Ball security evaded the Buckeyes as rain played its part in the outcome.

The Buckeyes coughed up the football three times –– all on rush attempts. The first of the day prevented an Ohio State touchdown, as Fields attempted to score late in the first quarter. 

On back-to-back drives in the second half, Dobbins and Fields lost control of the ball deep in Buckeye territory.

“We were pushed, but we made a lot of mistakes, and it was on us,” Dobbins said. “Credit to them, they did a good job, but we messed up a lot.”

Self-confidence and positive mindsets helped the offense steady itself.

“We knew we could move the ball, and we were just killing ourselves,” Dobbins said. “We just rallied around each other and told each other that we were going to fix it.”

Coach Day recognized the experience endured, useful for matchups down the line against Michigan, the Big Ten West Champion, and potentially a top four team in the College Football Playoff.

“To win a game like that that was not clean shows the toughness that we have, because you walk out of that game thinking, “Oh, we probably could have won a lot bigger than that”,” Day said.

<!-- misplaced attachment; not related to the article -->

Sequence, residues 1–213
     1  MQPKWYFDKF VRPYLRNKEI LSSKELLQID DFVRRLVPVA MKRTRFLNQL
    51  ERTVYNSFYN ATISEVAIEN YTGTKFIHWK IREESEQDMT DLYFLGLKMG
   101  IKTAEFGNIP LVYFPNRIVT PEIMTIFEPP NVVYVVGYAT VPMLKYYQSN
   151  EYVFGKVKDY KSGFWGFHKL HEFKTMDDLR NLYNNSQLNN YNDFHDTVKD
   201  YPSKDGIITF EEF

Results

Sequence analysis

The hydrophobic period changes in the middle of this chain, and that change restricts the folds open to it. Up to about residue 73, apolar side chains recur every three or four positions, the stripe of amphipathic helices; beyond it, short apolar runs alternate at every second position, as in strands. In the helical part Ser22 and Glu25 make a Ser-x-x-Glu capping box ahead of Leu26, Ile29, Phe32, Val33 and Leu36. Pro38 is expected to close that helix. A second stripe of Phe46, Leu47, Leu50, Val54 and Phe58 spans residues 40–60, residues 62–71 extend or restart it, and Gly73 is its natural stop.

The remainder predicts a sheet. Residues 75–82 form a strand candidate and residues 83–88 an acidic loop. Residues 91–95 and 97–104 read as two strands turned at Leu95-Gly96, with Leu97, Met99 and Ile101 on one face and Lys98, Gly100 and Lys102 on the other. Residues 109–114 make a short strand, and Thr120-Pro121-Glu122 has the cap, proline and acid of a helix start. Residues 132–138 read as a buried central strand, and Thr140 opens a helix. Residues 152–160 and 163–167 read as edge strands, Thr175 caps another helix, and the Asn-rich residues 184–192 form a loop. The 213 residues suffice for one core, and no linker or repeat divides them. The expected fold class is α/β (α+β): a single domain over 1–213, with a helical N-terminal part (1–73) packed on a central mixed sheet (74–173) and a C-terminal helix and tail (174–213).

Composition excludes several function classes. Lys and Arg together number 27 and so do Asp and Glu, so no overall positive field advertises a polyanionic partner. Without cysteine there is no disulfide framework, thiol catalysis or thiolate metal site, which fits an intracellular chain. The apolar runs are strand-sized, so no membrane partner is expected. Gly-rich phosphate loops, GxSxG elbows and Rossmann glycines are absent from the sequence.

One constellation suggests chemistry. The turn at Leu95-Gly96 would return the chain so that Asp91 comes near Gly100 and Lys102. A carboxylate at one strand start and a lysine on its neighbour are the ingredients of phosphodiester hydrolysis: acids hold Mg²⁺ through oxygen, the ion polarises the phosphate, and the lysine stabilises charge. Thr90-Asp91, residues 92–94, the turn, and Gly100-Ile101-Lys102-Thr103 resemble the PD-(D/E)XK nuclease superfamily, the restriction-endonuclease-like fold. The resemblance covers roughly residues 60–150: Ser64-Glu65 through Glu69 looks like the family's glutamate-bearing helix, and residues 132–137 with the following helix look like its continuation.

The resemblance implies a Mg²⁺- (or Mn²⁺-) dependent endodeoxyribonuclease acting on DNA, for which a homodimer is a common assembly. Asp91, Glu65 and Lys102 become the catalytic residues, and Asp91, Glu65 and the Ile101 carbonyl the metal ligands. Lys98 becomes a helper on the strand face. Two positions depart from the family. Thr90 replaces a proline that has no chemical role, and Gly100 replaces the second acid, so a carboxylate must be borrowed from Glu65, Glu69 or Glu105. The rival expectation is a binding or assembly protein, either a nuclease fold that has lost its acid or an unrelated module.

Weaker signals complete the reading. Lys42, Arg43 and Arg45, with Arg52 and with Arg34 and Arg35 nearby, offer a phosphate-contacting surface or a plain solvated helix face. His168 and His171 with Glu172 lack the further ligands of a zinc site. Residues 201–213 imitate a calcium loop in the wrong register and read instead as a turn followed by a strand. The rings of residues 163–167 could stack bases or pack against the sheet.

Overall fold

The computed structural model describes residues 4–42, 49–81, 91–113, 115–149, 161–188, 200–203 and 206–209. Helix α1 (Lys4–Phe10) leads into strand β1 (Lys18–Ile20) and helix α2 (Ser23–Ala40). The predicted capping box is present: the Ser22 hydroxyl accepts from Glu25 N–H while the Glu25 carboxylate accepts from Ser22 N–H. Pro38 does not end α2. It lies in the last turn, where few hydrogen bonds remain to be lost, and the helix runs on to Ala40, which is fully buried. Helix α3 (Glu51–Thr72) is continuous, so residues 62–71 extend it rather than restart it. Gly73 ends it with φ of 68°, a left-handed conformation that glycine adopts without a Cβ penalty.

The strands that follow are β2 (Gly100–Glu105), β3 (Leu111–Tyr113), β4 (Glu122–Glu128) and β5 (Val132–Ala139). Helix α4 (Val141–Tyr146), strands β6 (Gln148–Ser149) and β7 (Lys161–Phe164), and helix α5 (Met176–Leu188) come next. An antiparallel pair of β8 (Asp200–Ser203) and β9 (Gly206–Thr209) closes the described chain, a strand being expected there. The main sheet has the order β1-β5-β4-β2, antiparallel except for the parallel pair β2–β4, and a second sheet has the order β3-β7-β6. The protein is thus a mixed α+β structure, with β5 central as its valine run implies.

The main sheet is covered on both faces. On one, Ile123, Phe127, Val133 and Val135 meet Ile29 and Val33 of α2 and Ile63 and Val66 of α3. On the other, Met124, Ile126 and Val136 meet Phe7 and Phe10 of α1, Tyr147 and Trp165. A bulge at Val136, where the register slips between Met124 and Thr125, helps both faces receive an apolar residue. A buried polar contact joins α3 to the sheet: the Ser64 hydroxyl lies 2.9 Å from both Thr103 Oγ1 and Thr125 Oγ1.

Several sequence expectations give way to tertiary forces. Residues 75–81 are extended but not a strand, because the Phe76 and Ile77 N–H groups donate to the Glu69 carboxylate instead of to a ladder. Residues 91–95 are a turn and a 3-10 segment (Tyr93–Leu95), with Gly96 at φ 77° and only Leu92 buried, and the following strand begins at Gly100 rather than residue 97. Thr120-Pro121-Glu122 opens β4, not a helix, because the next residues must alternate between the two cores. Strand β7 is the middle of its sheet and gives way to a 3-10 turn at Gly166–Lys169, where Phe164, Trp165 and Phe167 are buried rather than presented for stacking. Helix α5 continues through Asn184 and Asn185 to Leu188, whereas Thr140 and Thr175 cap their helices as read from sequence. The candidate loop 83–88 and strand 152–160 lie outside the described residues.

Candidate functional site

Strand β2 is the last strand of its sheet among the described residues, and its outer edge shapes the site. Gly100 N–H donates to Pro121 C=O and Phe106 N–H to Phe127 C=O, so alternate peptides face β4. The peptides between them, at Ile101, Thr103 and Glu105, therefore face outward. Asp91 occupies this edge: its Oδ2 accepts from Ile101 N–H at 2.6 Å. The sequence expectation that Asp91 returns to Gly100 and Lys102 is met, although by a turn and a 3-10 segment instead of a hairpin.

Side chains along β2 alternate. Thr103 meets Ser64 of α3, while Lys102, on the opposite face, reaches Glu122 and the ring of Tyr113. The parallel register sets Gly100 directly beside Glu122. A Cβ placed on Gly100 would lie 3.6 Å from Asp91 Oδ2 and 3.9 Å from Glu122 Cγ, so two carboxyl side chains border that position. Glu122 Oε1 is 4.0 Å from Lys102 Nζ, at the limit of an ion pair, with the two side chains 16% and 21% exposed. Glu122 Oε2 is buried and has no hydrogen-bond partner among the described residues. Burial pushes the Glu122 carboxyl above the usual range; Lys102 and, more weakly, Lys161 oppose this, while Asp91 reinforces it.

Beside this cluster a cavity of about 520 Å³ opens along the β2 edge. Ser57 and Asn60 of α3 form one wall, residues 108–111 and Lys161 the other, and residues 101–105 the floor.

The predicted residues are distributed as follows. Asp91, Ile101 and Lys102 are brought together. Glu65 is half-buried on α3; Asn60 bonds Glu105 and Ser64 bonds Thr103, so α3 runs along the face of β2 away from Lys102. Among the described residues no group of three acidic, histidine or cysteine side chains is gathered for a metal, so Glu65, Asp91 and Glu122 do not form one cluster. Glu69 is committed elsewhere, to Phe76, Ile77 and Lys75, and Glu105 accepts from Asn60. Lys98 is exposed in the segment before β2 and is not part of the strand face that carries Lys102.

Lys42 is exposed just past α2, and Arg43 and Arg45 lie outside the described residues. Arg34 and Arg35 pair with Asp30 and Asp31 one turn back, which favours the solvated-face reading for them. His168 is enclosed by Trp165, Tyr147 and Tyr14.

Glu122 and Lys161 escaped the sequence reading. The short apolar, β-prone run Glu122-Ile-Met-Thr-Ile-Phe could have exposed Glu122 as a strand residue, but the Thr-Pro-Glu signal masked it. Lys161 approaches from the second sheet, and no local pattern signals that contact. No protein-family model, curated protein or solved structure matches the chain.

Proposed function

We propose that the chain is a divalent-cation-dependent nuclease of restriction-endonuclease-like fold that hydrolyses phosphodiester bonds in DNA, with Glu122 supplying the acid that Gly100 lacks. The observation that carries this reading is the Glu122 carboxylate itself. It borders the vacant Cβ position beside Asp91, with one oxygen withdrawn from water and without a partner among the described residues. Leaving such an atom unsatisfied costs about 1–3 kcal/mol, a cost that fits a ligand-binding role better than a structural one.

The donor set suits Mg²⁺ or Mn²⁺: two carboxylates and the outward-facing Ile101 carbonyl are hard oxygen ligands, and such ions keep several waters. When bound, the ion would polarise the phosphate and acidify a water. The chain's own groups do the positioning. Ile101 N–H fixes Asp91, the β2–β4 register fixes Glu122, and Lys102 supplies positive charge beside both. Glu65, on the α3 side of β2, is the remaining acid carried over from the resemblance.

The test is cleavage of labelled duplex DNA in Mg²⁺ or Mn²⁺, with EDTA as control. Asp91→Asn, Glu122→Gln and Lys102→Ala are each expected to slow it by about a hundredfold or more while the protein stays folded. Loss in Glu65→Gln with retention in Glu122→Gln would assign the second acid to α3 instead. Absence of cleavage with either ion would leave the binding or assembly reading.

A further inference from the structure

Armed for Ann Arbor

Ohio State redshirt senior wide receiver K.J. Hill (14) catches a touchdown pass in the second half of the game against Penn State Nov. 23. Ohio State won 28-17. Credit: Cori Wade | Assistant Photo Editor

Following the win against Penn State, next week’s matchup against archrival Michigan is the next challenge.

Even though Ohio State clinched a spot in the Big Ten Championship Saturday, that doesn’t make The Game any less important for those involved.

“It definitely matters,” Dobbins said. “It’s another big game for us, and we gotta go and win it. Me, personally, I want the big one.”

A win against Michigan would give Ohio State its 14th undefeated regular season in program history, and would bring the Buckeyes within seven wins of even evening up the all-time record against the maize and blue.

“It’s big,” Young said. “ If you can’t get hyped for this, then you’re just not that type of dude, so we’re gonna go to the drawing boards and prepare the best we can.”

Ohio State has shown that it can weather the storm against a talented and skilled team. It must now continue to execute and be physically dominant against a Michigan unit that has climbed back into the top 15. 

“We live it every day, the Team Up North is something that we talk about every single day,” said Day. “And the best way to respect a rivalry is to work it every day. And we do.”